Stop me if you’ve heard this one: A Tesla owner in Orlando collided with a parked police vehicle early on Saturday morning. The cruiser was on the side of the road, lights flashing while the officer helped the driver of a stranded Mercedes. According to the Tesla driver, her car was in Autopilot mode, but it failed to see the police vehicle and ended up hitting both the cruiser and the Mercedes. An investigation is underway, but this doesn’t look great as Tesla faces questions from government regulators about this very issue.
Tesla rolled out Autopilot to Model S owners in 2014, and the feature has since become a major selling point of its vehicles. Even the cheap Model 3 and Model Y have Autopilot functionality, but you can also upgrade to “Full Self-Driving,” which adds features like lane changing, summon, and traffic sign identification. Even the regular Autopilot implementation lets you set a destination and let the car handle highway driving.
Following the accident, the driver told authorities that the vehicle was “in Autopilot.” Police are investigating, and Tesla will probably have its say as well. But even if this is true, the driver is going to be held responsible. Tesla’s self-driving technology is not true self-driving. It’s what’s known in the industry as SAE level 2 automation. That means that the car can control speed and lane position at the same time, and can also take corrective actions like applying the brake. However, the driver must remain aware of their surroundings to take over from the car at a moment’s notice, and that seems to be the issue.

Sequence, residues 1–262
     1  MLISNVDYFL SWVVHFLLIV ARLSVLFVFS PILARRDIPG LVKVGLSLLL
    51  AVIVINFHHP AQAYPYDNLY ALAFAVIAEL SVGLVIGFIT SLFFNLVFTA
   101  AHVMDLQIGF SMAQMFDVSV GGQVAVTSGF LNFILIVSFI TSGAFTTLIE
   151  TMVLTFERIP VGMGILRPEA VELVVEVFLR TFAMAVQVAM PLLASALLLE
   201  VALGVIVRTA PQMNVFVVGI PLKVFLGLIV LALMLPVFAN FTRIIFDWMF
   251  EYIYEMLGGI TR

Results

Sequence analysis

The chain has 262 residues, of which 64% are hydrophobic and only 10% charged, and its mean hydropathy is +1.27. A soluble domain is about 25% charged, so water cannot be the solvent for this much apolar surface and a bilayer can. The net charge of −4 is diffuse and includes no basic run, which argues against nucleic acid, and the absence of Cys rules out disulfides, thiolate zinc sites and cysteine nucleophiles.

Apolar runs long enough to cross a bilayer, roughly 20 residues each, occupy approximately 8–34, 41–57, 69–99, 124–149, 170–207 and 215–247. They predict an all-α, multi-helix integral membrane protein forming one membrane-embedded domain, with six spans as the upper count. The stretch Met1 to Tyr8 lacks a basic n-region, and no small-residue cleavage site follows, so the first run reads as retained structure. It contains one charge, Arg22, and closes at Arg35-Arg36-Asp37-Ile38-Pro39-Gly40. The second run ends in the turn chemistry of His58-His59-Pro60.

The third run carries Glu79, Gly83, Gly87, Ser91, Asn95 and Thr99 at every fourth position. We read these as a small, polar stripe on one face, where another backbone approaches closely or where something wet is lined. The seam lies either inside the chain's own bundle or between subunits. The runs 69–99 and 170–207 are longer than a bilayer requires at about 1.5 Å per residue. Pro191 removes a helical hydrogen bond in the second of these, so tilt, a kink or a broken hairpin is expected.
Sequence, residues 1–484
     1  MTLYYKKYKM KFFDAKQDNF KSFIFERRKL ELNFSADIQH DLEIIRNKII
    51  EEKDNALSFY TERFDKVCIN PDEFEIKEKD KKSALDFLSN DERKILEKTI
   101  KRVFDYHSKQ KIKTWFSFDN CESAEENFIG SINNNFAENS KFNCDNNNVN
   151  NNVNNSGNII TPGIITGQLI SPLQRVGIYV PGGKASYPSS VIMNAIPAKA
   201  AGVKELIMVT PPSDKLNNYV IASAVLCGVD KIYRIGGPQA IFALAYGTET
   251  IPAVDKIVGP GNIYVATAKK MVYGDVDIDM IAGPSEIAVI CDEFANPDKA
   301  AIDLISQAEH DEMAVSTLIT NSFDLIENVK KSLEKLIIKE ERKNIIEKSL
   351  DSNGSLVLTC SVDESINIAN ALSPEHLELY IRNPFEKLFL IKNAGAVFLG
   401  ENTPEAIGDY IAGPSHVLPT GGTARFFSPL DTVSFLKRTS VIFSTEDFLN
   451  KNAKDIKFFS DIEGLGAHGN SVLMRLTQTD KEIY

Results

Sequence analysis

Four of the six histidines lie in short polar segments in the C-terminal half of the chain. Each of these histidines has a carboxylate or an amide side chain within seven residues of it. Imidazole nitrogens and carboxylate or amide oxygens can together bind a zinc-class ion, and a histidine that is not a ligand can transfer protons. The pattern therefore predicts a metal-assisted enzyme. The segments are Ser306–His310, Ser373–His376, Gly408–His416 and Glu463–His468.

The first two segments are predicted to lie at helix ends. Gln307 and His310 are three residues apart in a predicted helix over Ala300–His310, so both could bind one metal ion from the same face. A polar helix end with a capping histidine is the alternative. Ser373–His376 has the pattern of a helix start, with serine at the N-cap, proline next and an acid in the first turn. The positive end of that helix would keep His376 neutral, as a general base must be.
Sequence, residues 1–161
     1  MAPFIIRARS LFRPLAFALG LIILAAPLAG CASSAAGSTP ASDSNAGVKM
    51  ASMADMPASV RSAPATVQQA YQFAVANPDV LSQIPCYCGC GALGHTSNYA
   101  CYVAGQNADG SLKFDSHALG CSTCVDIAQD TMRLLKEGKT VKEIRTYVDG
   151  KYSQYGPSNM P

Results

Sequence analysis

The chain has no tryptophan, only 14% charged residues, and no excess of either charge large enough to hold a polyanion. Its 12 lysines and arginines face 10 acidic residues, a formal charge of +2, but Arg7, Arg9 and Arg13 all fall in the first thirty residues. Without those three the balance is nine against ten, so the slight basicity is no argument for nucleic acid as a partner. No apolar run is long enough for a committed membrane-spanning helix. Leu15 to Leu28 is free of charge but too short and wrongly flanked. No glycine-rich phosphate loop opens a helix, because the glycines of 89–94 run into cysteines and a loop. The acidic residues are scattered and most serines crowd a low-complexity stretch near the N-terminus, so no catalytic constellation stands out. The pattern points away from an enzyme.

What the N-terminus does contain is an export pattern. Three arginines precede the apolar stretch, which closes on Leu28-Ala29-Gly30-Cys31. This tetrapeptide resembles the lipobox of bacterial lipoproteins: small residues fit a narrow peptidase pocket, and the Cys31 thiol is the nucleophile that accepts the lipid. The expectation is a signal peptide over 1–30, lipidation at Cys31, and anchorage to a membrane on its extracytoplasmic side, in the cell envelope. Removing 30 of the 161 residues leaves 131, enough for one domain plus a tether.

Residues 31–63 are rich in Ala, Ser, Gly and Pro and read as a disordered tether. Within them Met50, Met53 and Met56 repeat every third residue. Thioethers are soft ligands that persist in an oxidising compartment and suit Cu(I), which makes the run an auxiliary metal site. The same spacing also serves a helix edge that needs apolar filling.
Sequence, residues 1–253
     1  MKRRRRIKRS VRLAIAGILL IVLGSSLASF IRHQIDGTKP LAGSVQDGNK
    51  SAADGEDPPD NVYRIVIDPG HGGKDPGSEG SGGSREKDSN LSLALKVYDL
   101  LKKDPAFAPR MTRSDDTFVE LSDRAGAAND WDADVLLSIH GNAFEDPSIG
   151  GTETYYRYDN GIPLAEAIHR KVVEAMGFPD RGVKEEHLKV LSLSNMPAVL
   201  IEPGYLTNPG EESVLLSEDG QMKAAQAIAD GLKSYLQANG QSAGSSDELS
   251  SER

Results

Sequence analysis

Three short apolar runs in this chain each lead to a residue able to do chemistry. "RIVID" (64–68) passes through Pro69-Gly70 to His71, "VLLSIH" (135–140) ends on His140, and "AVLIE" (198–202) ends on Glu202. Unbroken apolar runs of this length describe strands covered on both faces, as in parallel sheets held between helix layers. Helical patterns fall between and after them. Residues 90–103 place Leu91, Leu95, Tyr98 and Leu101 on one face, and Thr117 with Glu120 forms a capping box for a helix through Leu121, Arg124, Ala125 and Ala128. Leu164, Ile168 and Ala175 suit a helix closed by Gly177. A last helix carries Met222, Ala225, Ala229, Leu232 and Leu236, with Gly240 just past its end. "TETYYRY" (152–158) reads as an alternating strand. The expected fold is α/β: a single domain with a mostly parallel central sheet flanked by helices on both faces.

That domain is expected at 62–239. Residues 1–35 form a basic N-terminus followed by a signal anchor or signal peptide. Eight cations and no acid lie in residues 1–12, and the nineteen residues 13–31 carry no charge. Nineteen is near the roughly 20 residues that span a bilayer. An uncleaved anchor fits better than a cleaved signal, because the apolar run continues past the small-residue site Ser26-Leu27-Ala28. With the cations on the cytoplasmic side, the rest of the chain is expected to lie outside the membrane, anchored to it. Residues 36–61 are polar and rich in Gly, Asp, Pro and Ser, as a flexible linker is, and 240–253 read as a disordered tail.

A person driving along and watching the road will always notice emergency vehicles with flashing lights, so you would expect a computer vision system that is always watching from multiple angles could do the same. We’re starting to understand that these systems are still not perfect, but they’re so good so much of the time that people become complacent. Humans are simply not as good at “monitoring” activities as we are at actively taking part in things. When someone does need to take over from Autopilot, they might not realize until it’s too late.
Self-driving cars don’t become truly self-driving until SEA level 3. At that point, the car should be able to handle an entire trip under certain conditions, and it will proactively alert the driver if they need to take over. While Tesla does not meet this threshold, the marketing and features (they even call it “Full Self-Driving Capability”) can make people feel like they’re getting a true autonomous experience. Perhaps that’s a dangerous illusion.
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